Technology blog Engadget sent 12 people to cover the CES technology conference, more than most major newspapers. Advertisers are also getting more savvy with their online spend, something established names can turn to their advantage: time-per-visit is becoming at least as important as number of visits, which helps brands like the NYT , with their lengthy and informed content. The NYT ’s move could also be a reaction to News Corp’s purchase of the Wall Street Journal , one of the internet’s last bastions of paid-for content: Rupert Murdoch has suggested he may soon make it free.
“The little round label has fallen off”
NEWS & CURIOSITIES
The production of a kilogram of beef emits the same amount of CO2
as the average European car driving 250 kilometres.
NEW SCIENTIST,21ST JULY 2007
During the first year of the Nazi invasion,the Red army issued 800,000 death sentences to its own soldiers. ”NO SIMPLE VICTORY”BY
In Chicago and New York,among other US cities,full-time female employees in their 20s earn more than males.
QUEENS COLLEGE,NEW YORK
After the end of donor anonymity, there are now only 205 sperm donors registered in Britain. BBC NEWS ONLINE,16TH MAY 2007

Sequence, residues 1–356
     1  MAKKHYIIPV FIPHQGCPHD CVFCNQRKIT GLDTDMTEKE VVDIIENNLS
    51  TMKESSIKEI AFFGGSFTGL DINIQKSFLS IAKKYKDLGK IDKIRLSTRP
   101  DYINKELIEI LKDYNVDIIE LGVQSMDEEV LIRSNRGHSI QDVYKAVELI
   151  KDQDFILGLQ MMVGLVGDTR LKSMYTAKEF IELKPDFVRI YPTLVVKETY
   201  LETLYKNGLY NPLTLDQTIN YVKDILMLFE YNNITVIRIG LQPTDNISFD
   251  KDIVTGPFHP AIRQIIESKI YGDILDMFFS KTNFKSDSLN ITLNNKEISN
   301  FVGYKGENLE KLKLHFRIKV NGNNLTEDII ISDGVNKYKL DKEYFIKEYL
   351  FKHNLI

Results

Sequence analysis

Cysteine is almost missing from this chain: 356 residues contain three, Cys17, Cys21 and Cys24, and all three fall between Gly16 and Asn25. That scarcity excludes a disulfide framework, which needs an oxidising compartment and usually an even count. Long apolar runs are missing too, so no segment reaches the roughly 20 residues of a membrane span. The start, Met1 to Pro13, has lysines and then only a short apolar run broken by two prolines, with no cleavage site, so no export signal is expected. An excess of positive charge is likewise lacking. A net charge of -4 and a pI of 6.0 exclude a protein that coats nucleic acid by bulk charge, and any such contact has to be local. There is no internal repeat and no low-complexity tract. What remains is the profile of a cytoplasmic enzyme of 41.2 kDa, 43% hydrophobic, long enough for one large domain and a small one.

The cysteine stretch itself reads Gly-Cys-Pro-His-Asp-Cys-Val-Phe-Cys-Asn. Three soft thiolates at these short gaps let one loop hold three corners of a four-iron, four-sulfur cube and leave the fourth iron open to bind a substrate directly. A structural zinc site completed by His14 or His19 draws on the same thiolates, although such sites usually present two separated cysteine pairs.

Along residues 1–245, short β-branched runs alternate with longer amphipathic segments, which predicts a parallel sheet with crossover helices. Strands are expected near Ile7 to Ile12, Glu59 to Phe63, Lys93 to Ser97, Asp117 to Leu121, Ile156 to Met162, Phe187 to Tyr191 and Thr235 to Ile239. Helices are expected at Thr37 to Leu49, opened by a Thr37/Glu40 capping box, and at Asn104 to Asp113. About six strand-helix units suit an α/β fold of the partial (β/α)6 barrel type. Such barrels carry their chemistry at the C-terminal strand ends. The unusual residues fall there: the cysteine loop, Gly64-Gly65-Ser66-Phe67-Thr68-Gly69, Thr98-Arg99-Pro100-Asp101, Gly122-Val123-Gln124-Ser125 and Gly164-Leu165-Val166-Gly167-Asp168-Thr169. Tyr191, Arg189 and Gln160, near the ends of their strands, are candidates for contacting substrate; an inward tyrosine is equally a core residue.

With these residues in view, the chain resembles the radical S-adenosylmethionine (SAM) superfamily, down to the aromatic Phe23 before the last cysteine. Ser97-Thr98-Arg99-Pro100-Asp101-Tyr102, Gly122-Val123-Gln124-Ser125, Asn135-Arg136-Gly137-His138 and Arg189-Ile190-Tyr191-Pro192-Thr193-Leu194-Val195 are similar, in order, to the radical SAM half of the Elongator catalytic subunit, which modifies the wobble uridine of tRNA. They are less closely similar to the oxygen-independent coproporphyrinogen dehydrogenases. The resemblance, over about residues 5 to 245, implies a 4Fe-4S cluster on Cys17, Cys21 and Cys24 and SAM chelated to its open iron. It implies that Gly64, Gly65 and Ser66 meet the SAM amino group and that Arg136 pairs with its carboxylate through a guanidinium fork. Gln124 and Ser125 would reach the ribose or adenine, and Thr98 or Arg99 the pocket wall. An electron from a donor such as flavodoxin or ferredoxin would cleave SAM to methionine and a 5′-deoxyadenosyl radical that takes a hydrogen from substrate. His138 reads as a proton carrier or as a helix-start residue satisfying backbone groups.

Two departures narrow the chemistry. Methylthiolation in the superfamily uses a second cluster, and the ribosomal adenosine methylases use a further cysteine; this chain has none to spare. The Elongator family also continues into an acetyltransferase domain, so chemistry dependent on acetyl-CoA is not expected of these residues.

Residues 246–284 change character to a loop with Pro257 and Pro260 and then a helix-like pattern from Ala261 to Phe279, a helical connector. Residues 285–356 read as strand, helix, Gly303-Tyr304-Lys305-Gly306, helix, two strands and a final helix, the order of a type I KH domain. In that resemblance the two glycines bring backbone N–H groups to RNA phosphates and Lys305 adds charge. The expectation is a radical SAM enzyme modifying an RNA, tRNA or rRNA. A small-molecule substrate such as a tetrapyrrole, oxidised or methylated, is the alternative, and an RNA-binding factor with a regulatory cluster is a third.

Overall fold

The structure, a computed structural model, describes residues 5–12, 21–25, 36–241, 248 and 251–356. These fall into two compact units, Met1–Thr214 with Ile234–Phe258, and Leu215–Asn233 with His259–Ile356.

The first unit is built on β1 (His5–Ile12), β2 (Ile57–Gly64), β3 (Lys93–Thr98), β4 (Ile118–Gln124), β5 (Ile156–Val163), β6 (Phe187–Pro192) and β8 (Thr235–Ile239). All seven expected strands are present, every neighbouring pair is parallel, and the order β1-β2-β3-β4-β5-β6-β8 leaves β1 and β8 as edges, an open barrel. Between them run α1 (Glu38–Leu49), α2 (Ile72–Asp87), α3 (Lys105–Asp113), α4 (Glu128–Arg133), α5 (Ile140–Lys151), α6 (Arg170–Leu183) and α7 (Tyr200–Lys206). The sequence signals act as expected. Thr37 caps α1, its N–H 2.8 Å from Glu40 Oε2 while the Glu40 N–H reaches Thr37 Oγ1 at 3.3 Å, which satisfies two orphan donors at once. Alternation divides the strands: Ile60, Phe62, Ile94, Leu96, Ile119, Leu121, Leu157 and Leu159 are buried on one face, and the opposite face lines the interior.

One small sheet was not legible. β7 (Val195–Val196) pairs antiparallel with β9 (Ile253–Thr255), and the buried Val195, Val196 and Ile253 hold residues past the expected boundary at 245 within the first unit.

In 2002.Bangladesh became the first country to ban plastic bags.
THE GUARDIAN,12TH MAY 2007
In 2006,177 British men had cosmetic surgery to reduce their breast size. HARPER’S,MAY 2007
About 25 per cent of American workers in the private sector get no paid holiday at all.
NEW REPUBLIC,30TH JULY 2007
Windscreen wipers,laser printers and bulletproof vests were all invented by women.
BRITISH ASSOCIATION FOR THE
ADVANCEMENT OF SCIENCE
About 80 per cent of all news on the internet originates from print newspapers. NEW YORK REVIEW OF
BOOKS,16TH AUGUST 2007
Four of the five richest Americans— Bill Gates,casino owner Sheldon Adelson,Oracle's Larry Ellison,and Microsoft co-founder Paul Allen— are college dropouts. “ ALL THE MONEY IN THE WORLD:HOW
THE FORBES 400 MAKE—AND SPEND—
THEIR FORTUNES”BY PETER W
BERNSTEIN AND ANNALYNW SWAN
Prospect OCTOBER2007 11